Oxygen is both a brewer’s friend and foe, giving yeast what it needs to breathe and thrive through the fermentation process but then becoming Enemy #1 of bright and expressive flavors after the yeast has done its job.
Every process or transfer a beer is subjected to post-fermentation is an opportunity for oxygen to find its way into your beer and begin that process of staling, muting, and reducing shelf life, and the packaging process is one step that presents particular risk. The added oxygen that results from putting beer into cans, kegs, or bottles can impact the quality and taste of the final product.
As a brewer, you tend to focus on making the best-tasting recipes, and packaging is sometimes an afterthought. Having insight into how the brewing process and packaging will ultimately affect the flavor of your beer can give you the confidence you need to create award-winning flavors that consumers will love, no matter how long the beer sits on the shelf.
First, the basics. Dissolved oxygen (DO) is the amount of oxygen that is incorporated into the liquid during the brewing process. All beer has dissolved oxygen, but when and how you handle the beer during and after the fermentation process affects the quantity of DO in the beer. Managing the amount of oxygen is an important step in the beer-making process but grows exponentially more important the longer your beer’s life span. If you sell everything you brew within a week over your taproom bar, it may not be as crucial to minimize DO throughout your production process. But if you package beer in any form, you should understand where and when oxygen is introduced so you can ultimately minimize oxygen pickup from fermentation through packaging and allow customers to experience your beer the way you intend it.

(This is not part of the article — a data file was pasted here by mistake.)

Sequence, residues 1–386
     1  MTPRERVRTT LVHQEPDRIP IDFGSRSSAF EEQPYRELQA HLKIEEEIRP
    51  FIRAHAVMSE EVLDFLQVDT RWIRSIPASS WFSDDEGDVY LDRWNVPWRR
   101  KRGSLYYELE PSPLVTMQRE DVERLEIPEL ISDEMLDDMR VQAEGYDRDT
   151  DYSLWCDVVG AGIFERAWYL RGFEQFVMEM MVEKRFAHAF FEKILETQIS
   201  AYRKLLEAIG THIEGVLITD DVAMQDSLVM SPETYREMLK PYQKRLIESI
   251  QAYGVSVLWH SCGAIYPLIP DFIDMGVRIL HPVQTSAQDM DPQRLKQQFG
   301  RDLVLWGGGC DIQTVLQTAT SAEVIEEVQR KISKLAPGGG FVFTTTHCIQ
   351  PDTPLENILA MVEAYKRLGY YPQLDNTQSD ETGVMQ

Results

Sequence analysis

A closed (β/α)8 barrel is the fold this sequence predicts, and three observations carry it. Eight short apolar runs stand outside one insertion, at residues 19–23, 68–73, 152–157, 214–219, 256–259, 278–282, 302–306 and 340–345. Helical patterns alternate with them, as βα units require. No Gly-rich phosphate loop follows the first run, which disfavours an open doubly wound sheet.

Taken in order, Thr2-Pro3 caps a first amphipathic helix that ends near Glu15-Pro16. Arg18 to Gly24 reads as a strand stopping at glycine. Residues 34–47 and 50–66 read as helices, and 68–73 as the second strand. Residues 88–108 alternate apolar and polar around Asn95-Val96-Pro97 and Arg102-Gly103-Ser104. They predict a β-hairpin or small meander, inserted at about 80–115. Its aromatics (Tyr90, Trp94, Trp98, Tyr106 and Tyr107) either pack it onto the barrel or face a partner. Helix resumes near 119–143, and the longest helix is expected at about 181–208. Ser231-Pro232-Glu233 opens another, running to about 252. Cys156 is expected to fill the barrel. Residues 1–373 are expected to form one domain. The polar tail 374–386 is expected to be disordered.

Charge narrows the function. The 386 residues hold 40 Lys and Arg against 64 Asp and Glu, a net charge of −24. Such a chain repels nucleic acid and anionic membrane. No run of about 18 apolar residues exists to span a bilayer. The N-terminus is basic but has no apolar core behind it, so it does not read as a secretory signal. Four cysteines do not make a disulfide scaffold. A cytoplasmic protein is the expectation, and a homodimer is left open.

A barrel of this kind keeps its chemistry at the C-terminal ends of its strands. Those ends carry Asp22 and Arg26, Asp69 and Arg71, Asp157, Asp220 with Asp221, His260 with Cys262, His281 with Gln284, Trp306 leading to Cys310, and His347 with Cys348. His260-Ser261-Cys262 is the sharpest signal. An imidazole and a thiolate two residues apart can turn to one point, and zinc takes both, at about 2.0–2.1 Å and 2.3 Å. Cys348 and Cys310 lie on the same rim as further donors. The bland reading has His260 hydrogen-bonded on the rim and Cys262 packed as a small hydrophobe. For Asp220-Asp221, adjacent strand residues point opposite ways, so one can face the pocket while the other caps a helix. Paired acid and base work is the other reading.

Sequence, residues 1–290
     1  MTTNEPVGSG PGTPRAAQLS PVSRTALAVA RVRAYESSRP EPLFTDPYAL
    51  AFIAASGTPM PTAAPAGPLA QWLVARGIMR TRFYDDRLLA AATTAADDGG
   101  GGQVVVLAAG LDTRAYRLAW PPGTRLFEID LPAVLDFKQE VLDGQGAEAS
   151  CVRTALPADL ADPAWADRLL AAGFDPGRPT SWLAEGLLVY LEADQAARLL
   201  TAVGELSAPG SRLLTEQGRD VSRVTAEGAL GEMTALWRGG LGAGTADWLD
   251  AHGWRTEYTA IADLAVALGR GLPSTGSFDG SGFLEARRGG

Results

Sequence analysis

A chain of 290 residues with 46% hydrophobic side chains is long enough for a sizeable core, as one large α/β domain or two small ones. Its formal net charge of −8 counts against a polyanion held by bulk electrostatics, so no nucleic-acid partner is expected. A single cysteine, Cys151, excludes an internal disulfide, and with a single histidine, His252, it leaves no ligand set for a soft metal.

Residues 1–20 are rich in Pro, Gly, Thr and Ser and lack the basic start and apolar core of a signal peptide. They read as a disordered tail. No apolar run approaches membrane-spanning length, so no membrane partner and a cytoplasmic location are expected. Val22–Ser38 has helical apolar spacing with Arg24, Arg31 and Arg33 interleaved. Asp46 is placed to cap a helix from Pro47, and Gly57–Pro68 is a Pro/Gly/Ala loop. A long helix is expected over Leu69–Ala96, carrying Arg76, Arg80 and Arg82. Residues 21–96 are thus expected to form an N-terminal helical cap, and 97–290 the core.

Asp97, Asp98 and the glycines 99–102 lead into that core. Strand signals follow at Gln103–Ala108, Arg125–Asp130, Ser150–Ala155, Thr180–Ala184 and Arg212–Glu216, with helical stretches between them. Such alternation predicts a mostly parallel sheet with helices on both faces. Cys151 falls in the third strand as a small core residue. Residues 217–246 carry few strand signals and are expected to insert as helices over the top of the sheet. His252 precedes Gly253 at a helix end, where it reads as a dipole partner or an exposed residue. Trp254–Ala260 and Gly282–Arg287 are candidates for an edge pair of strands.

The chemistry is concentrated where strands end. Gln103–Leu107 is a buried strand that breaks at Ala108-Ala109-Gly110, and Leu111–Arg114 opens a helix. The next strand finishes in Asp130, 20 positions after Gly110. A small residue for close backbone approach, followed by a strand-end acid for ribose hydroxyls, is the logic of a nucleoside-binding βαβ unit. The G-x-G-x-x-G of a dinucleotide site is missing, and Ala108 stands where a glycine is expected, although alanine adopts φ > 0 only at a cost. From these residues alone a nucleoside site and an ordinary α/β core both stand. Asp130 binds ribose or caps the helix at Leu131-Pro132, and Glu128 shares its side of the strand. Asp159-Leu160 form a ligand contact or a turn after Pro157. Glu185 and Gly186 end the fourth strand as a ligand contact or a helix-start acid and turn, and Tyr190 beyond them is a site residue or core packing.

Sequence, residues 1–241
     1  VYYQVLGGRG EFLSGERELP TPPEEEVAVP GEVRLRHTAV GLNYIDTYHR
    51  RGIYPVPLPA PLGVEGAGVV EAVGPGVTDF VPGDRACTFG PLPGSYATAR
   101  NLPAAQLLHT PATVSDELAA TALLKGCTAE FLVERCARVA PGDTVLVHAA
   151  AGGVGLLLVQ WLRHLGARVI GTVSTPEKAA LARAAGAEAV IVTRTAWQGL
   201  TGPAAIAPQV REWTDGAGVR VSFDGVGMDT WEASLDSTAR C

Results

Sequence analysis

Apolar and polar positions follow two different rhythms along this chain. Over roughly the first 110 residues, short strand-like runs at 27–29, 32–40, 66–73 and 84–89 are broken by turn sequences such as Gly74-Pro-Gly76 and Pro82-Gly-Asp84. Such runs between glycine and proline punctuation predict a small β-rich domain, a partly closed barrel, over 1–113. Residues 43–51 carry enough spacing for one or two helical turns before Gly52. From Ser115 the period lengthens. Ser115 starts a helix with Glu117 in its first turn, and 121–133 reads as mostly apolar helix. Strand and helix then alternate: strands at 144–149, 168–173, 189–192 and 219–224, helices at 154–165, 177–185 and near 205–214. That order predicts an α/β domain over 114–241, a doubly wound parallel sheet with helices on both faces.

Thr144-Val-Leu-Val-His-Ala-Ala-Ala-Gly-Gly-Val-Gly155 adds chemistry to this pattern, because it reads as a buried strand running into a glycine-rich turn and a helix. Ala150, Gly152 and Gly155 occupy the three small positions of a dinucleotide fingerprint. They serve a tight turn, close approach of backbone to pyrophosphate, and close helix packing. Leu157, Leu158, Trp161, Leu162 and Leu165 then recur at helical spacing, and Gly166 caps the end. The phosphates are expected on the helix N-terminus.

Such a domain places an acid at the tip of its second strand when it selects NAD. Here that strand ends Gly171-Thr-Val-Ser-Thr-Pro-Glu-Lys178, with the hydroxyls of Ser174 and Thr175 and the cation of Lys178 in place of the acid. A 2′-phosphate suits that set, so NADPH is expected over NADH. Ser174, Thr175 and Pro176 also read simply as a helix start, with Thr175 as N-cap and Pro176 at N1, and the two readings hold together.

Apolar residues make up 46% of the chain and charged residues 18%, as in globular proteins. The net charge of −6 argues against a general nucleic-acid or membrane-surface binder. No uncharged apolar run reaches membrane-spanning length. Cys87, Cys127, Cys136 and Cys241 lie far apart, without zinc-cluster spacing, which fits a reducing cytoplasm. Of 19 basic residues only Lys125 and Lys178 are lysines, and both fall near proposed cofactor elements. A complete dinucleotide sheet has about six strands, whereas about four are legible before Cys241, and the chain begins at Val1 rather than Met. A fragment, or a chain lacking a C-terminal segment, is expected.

Testing for DO can be a daunting task, and when in the process you test is important. To accurately measure for DO, it’s important to maintain a consistent methodology with a focus on results and trends. Once fermentation is complete, there are few ways to reduce DO in your beer but many ways to add it, so the first place to measure DO in your process is after primary fermentation, before dry hopping.
Keep a log of DO levels. Measure again after dry hopping to see how that process added DO to the tank. When you transfer to a bright or packaging tank, test DO again. If the DO level has increased significantly, do some research to determine whether the tank was properly purged or whether there was any oxygen pickup through the pump or any of the hose gaskets. Track and log methodically to identify any phantom sources of oxygen in your beer.
When you package, check DO levels in the tank again and once more at the filler to make sure your pump and hoses are not adding DO to the beer. Keep a running log and test fills throughout the day, measuring temperature, carbonation level, and tank pressure to help ensure consistency from batch to batch. It is best to measure when the beer comes directly off the line with an instrument that is calibrated to a known standard to ensure the most consistent results.
DO in Packaging
Some packaging systems create unrealistic expectations about DO pickup with claims such as “Our system picks up xx ppb” or “x–y pickup possible” that are often inaccurate and misleading. DO pickup is nonlinear and can be affected by temperature, pressure, the amount of oxygen in the beer before packaging, and a variety of other factors. But since we know that packaging presents particular risk of DO pickup, testing temperature, carbonation, and pressure can help identify potential areas to troubleshoot.